It is not a stretch to suggest that a New Brunswick company founded 35 years ago based on one man’s unique piece of software has become a global organization vital to everything from ocean navigation, asset management and energy extraction to the cables that help keep the Internet operating.
Not even Dr.Salem Masry could have imagined the impact of the ping-to-chart digital mapping software he dreamed up while a University of New Brunswick professor.
Certainly he was aware of how important digital software could be in development of effective, well-managed nautical charts of the ocean floor. That was why he went out on his own with two UNB graduate students to commercialize the product under the name CARIS. That was 1979.
Today, that three-person start-up has 170 employees with offices in Fredericton, the Netherlands, the U.S. and Australia. It has 2,000 customers using its suite of software in 90 countries. Its biggest client is the British Admiralty that employs a staff of 200 working with CARIS software to develop the world’s ocean floors – that’s 5,000 charts.
The basis of the product is taking pings (or echoes) off the ocean bed and turning it into an ocean-floor model that is then used to derive the features that appear on the charts.
Internationally, every ship of a certain size is mandated by law to carry charts for navigation. CARIS sales and marketing manager Andy Hoggarth estimates that 90 per cent of the charts on the bridges of vessels are derived from CARIS software.
So how has CARIS built itself from start-up to global dominator?
In the beginning Masry linked up with the Canadian Hydrographic Service, part of the Canadian department of Fisheries and Oceans. Between them they collaborated to enhance the system and establish it as a uniquely effective nautical chart producer.
That was when word-of-mouth recommendation kicked in for the first time. The success of the CARIS system in Canadian waters attracted attention in the Netherlands. Exchanges between the Canadian and Dutch governments led to CARIS being selected to establish charts for the Netherlands. That led to the establishment of the first CARIS office outside Fredericton.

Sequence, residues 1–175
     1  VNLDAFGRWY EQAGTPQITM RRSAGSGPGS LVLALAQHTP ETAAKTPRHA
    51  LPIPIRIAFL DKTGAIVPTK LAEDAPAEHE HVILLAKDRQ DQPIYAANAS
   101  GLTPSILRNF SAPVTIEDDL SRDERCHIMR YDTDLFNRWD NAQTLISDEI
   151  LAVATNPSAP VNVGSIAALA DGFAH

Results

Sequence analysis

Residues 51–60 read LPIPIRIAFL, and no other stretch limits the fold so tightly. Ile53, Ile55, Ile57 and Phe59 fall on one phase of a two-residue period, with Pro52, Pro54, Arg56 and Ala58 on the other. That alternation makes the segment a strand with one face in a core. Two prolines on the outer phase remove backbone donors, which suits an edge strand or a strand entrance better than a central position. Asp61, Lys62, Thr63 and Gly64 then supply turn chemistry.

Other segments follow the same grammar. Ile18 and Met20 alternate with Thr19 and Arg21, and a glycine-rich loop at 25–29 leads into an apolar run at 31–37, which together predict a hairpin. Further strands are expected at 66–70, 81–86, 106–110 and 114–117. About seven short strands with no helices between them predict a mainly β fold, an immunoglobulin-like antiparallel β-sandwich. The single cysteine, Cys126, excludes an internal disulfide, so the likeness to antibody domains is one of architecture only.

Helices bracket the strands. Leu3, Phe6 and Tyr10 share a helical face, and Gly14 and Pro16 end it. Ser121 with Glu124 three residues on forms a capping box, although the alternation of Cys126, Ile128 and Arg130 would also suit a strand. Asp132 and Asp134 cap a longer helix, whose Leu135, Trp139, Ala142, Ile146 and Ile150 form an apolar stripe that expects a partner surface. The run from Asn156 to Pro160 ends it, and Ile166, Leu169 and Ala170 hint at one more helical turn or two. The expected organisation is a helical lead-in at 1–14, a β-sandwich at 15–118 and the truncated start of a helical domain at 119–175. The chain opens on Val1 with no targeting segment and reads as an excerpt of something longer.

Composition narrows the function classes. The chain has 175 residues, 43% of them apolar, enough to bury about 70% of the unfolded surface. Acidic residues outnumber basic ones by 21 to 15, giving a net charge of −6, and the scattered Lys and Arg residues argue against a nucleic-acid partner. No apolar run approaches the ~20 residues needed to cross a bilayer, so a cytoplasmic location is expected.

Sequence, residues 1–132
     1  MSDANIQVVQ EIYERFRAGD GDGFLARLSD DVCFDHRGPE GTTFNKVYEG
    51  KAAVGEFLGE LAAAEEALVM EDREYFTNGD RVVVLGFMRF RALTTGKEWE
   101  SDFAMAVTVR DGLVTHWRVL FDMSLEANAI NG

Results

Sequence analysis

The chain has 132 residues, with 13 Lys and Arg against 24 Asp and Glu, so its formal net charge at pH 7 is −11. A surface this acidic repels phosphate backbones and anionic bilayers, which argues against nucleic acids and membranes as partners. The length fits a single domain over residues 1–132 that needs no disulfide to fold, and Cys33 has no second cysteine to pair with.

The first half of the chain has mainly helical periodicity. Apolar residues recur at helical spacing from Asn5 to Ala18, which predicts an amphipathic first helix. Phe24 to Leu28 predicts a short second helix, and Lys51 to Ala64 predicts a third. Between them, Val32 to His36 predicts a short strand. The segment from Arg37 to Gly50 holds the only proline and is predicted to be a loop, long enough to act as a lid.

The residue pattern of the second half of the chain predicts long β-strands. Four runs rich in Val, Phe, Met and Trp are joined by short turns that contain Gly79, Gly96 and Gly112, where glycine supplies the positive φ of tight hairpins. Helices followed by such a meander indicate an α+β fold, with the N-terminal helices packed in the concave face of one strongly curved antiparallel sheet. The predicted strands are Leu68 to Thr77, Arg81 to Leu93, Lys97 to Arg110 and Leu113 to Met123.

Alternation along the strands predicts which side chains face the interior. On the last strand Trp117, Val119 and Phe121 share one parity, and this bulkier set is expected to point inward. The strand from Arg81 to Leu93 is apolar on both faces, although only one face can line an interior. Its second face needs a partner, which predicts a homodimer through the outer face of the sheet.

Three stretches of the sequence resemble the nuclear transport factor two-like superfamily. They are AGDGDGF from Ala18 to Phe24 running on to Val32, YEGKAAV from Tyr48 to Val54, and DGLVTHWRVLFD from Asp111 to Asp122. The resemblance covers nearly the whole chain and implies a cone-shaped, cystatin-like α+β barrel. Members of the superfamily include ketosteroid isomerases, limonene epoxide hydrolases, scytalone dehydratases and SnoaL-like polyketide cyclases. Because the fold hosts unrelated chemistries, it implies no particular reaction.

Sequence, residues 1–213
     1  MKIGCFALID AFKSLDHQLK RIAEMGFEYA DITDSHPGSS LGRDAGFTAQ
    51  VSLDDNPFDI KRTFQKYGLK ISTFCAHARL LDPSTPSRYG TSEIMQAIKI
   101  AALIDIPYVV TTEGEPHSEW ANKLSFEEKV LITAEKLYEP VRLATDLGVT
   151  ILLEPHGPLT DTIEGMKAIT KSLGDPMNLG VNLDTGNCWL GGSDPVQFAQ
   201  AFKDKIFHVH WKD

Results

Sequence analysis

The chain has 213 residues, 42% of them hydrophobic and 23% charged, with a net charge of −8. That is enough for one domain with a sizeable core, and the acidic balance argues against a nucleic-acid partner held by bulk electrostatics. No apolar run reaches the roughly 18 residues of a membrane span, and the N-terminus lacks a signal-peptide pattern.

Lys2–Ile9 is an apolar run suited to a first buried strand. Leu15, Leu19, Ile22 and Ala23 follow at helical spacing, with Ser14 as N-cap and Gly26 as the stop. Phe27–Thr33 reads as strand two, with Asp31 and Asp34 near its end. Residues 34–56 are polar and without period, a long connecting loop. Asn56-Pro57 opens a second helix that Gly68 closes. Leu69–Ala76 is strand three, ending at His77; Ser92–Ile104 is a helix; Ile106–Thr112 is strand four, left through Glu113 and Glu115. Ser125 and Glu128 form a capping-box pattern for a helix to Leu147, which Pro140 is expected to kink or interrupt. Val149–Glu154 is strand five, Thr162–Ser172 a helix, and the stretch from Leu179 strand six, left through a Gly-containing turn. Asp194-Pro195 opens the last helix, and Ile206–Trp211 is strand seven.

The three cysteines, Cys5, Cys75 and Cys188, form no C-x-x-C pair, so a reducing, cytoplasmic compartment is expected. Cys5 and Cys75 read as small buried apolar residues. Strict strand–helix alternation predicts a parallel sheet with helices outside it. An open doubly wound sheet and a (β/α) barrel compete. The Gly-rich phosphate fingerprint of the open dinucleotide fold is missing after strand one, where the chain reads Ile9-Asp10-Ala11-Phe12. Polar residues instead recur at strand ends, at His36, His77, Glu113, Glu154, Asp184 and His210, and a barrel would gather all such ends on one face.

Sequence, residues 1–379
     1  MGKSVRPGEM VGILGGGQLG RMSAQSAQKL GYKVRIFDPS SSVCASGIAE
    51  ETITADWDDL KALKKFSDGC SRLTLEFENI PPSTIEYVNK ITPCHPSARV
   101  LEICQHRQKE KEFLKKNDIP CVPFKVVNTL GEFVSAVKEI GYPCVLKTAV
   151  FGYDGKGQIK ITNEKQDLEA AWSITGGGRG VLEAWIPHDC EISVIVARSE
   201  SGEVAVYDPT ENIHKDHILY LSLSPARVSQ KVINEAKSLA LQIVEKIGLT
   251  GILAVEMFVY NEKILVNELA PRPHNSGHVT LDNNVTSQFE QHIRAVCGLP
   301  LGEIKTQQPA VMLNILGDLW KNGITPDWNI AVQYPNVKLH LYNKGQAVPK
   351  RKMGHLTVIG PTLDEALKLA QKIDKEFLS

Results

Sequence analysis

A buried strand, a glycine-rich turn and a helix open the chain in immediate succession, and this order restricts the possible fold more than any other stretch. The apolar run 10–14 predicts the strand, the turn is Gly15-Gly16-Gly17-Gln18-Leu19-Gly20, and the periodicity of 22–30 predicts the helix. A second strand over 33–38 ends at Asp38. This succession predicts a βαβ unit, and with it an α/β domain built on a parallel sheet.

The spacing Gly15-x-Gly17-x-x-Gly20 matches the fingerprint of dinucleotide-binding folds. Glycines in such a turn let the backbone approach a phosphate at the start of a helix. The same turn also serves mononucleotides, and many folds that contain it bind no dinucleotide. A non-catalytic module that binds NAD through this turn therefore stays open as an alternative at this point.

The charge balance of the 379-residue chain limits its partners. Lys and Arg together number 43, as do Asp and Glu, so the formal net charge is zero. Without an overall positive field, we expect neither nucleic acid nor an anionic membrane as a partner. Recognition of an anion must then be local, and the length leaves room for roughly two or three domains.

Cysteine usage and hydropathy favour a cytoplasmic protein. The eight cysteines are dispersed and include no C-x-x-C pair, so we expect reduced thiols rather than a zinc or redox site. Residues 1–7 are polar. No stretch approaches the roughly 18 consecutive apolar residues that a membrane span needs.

Hoggarth pinpoints other businesses besides navies and commercial shippers who must rely on navigational mapping.
Oil companies, for example, have to decide where to lay pipes or to investigate where oil deposits lie. The same goes for companies searching out safe cable-laying sites.
“Oil companies have to map the sea floor to know where a pipe needs to be laid or an oil reserve sits,” he says. “And across oceans fibre optics are giving us the Internet and channel surveys are needed for laying the cables. If you lay a cable pipe in the wrong place it is liable to break, to snap, even to be caught by fishermen.
“Really we are supporting the entire blue economy. Fishing, energy, the environment, the science aspect. I believe interest in oceans has never been so important.”
Hoggarth is quick to point out that CARIS takes pride in never seeking external investment during its growth. “We have always been completely organic. There have been no mergers, no acquisitions,” he says. “The company has grown slowly and steadily by reinvesting funds provided by software sales.”
If you ask how CARIS has maintained expansion, found new clients, Hoggarth will emphasize the importance of word of mouth recommendations, which serve to emphasize the quality of the product.
CARIS had no marketing department for at least its first 15 years. Today it has a small team that travels the globe keeping itself in the mind’s eye of prospective clients. They are involved in trade shows, missions, and conferences. Specialized magazine advertising –mostly digital – and social media are increasingly important. And one-on-one client meetings and regular contact with existing customers keep the CARIS software suite current.
Hoggarth also talks about how the CARIS experience can help other Canadian companies.
When he gives talks near home he suggests CARIS is the sort of company Canada needs. “We were a high-tech niche that hasn’t gone cap in hand to government and I want stories like ours to inspire other start-ups,” he says.
In addition, when he is on a Canadian mission in some of the 90 countries in which CARIS operates, he passes on recommendations
“I have a really good contact in Brazil to whom I’ve introduced probably 20 Canadian companies he has sold into his market,” he says.
Little did Dr. Masry know when he started out how influential his software suite could thrive or how much it would help other Canadian companies to get toeholds in markets in other parts of the world.